Richard seifert reputations architectural review cartoon
Source: Brian Morris
Nla building croydon 50p richard seifert architectural review
Against this hostile background, how had Seifert prospered? He maintained that his success was down to simply satisfying his clients. Given the RIBA’s proscription of advertising, the Seifert practice had largely relied on word of mouth to establish their reputation. As Seifert himself said, ‘A satisfied client briefs another client … up to now, that’s the only kind of promotion we’ve used. I’ve never chased after work or “sold” the practice’. Of course by the early 1970s, the practice was so frequently mentioned in the press due to the Centre Point scandal, that it was arguably being advertised for free. It is striking to note that Seifert’s busiest period, when the practice supported 300 architects spread across seven London and regional offices, coincides with the lowest ebb of its reputation amongst the architectural profession. It is said that there is no such thing as bad publicity, and while the Centre Point scandal led to disparaging comment in the architectural press, it likely also raised Seifert’s profile among potential clients, as an architect able to secure them the largest possible development envelope. Perhaps, then, Seifert succeeded not despite of his poor reputation among the architectural establishment, but, at least in part, because of it.
At risk of advancing a slightly circular argument, it may also be true that Seifert’s poor reputation among his fellow architects was in fact due to his success. Judy Hillman noted in 1965, ‘While the architectural knights and lords become more or less known for the occasional prestige project, men like Mr Seifert quietly and efficiently impress their ideas on vast acres of the urban scene … Some of the criticism may stem from envy for his business-like methods. Art and commerce are not always the happiest of stable mates.’ A former employee told me that when Seifert heard he had been mentioned in Private Eye, his laughter could be heard echoing through the office.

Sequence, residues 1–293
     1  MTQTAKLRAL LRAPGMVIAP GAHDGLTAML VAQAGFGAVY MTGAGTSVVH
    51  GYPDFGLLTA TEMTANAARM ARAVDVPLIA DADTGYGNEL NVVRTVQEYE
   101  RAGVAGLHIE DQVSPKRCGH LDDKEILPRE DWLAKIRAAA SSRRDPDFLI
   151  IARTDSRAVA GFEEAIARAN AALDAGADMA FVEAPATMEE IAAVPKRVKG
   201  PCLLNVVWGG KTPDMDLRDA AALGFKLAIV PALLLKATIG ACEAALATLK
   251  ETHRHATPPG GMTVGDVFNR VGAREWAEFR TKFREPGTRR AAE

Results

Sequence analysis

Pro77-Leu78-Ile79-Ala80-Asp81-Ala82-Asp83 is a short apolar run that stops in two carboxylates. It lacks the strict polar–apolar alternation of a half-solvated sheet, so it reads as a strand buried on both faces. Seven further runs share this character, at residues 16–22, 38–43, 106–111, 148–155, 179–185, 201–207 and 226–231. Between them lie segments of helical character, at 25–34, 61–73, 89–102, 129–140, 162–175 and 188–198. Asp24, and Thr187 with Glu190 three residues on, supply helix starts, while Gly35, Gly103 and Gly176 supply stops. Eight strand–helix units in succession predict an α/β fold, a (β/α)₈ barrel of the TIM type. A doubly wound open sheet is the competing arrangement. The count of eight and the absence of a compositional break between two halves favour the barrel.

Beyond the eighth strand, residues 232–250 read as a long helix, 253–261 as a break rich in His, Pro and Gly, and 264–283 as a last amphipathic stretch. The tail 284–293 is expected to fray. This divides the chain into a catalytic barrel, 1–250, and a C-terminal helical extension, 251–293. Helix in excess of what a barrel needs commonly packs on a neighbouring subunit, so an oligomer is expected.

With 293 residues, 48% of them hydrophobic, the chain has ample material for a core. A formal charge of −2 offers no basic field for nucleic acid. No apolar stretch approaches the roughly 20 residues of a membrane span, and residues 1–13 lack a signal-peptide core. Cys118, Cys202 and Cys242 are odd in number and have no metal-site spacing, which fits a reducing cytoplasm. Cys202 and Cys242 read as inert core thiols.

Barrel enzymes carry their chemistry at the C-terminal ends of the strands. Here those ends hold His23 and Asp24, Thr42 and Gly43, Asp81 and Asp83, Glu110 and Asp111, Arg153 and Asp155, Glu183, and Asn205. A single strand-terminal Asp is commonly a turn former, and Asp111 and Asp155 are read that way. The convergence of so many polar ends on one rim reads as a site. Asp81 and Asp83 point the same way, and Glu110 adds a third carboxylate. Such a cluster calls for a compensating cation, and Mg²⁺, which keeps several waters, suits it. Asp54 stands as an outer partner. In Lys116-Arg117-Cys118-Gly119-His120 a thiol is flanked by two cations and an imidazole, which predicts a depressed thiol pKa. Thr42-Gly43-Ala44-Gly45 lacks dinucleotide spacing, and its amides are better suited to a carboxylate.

London euston richard seifert architectural review
Source: Crispin Boyle / RIBA collections
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A major factor in Seifert’s success with his client base was certainly his rigorous knowledge and nuanced understanding of planning legalisation. A contemporary planner remembered ‘The trouble with Seifert was that he knew some of the regulations far better than the [planners]. Every now and then we had to bring in clauses to stop up the loopholes exposed by Seifert. We called them “Seifert clauses”’. A less well-known element of his success was the manner in which he communicated. His description of the pilotis at Centre Point as having ‘an added modern pleasantness’, for example, was mocked by Reyner Banham as ‘not the kind of language that architects use’. It must, however, have been the kind of language that a money-man-client was comfortable with.